Like many American cities, New York City’s demand for housing is staggering. In spite of state laws intended to hold down housing costs, rental prices have increased and low- and middle-income families are finding it even harder to find affordable homes.
However, new housing development to address the shortage is being threatened because one of New York’s main tools to encourage building, the property tax abatement called Affordable New York or 421-a, is scheduled to sunset on June 15, 2022. Why is 421-a necessary to develop affordable housing? High construction and operating costs (including property taxes) in New York City make it financially impossible to build multifamily housing, including buildings with affordable units, without this property tax-incentive or other subsidies.
As a result, local developers may stop building and capital may abandon New York City.
Quick Background – 421A
Since the early 1970s, New York City has promoted residential housing construction using 421-a, which enables a property owner to continue to pay taxes on the assessed value of the land before it is developed into residential housing and receive this benefit over a certain number of years. Between 2010 and 2020, developers leveraged private capital to build the majority of the City’s multifamily apartments (117,042 rental units) using the 421-a program, according to the NYU Furman Center.
Rental Development: The Numbers Don’t Work Without Incentives
New York City’s construction costs are higher than any other U.S. city, except for San Francisco, over 30 percent more than European cities like Paris and more than double Toronto’s, according to an annual survey by Turner & Townsend.
Also, once the rental building is up, operating costs are 50% higher than the country’s average, according to a report published by the Citizens Budget Commission (CBC) Amend It, Don’t End It: Improve 421-a to Spur Rental and Affordable Housing Development. “Fully taxed rental buildings in New York report spending between 60% and 65% of gross rental income on expenses as compared to an average of 38% elsewhere in the country,” the report shows. “As a percentage of rental income, New York’s property taxes are high: 30% in New York City compared to 13% elsewhere in the country.”
Therefore, a property tax exemption available for multifamily development, aligns New York City with the rest of the country by reducing “operating expenses, from about 60% to 65% of gross rental income to 30% of income, depending on a building’s size.”
Developers are the Solution, Not the Problem
With 421-a set to end, New York Gov. Kathy Hochel proposed a successor program, 485-w, in the FY 2023 Executive Budget, but it was not approved by the New York State Legislature.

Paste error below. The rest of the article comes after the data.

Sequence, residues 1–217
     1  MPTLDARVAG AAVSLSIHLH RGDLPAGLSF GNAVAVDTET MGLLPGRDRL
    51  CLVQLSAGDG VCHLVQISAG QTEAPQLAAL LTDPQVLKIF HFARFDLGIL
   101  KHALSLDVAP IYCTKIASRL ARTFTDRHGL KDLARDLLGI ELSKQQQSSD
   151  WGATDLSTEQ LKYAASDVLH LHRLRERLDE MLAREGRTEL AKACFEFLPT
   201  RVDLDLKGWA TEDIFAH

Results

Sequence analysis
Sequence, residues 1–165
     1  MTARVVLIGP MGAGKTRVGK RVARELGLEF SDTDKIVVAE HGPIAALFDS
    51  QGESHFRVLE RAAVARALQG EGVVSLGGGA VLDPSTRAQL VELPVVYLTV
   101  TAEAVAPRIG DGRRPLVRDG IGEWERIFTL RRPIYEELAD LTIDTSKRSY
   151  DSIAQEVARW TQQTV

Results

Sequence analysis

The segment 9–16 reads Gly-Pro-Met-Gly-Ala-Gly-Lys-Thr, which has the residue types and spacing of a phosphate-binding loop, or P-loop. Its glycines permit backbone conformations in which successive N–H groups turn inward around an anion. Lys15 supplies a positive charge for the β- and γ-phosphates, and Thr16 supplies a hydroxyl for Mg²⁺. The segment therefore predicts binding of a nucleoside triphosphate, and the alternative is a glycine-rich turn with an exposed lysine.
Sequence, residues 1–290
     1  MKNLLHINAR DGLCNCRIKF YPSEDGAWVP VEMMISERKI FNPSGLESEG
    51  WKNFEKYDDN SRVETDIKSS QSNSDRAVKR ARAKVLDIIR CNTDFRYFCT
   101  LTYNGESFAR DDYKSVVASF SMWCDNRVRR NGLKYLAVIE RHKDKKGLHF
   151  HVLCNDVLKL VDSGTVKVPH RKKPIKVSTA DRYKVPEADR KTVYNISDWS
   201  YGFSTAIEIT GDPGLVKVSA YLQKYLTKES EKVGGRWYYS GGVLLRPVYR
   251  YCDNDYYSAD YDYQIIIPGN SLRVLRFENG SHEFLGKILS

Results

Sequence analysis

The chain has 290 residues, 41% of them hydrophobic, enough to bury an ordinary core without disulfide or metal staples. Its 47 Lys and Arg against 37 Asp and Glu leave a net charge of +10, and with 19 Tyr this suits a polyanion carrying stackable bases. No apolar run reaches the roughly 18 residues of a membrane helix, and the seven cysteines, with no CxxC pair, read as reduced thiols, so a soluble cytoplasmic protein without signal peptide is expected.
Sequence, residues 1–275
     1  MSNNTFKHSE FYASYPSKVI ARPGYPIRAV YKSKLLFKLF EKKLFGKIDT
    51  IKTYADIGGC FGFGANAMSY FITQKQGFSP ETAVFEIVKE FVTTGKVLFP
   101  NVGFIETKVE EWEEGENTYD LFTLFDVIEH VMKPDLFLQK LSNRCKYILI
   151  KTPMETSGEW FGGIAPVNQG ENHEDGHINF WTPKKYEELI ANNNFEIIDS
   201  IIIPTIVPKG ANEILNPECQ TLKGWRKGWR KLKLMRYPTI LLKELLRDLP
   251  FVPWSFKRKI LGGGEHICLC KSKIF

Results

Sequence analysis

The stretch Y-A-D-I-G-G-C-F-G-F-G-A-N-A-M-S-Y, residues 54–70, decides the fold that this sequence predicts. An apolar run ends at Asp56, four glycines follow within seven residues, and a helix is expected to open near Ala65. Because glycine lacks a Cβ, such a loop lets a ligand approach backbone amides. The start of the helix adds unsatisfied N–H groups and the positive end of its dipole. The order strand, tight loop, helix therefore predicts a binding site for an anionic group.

Some New York officials have criticized the 421-a program, claiming it doesn’t adequately serve low-income residents and that the City has lost nearly $1.8 billion in tax revenue because of it. However, this theory assumes that developers would have built the affordable housing without the 421-a tax abatement, which isn’t the case, according to another CBC analysis, No Windfall: Ending 421-a Today Won’t Free up $1.8 Billion for Decades. “The 421-a program exempts only the increase in assessed value attributable to new construction,” the analysis noted. “Property owners continue to pay taxes on the assessed value of the site prior to development…”
In lieu of 421-a, officials like City Comptroller Brad Lander are proposing to overhaul the New York City’s property tax system to encourage affordable housing development. However, a major change like this will be challenging, politically charged and difficult to achieve in a timely manner.
Mayor Adams Gets It, Will the State Legislature?
In Mayor Eric Adams words in a Daily News editorial, “If the 421-a program is allowed to expire without a new program in its place, affordable housing production in New York City would fall off a cliff.”
Mayor Adams gets it. He has pledged $5 billion to build and preserve more than 20,000 units of affordable housing per year.
Unfortunately, that still won’t be enough to meet the demand. New York City has an immediate need for 227,000 new residential units to accommodate the significant growth in its population and jobs between 2010 and 2020, and a projected need for 560,000 new units by 2030, according to a recent Real Estate Board of New York commissioned study.
Without incentives, there will be no new private development of affordable rental housing on the horizon. As a result, the housing crisis in New York City will worsen, reducing the supply of units over the next decade and pricing out not only low-income families but mostly middle-income families.
Developers and their capital have many options to consider when it comes to developing new housing and there is no doubt that New York City is an attractive place for it. However, if developers do not receive the economic value and return necessary for building rental housing, they will abandon the City for a more hospitable environment.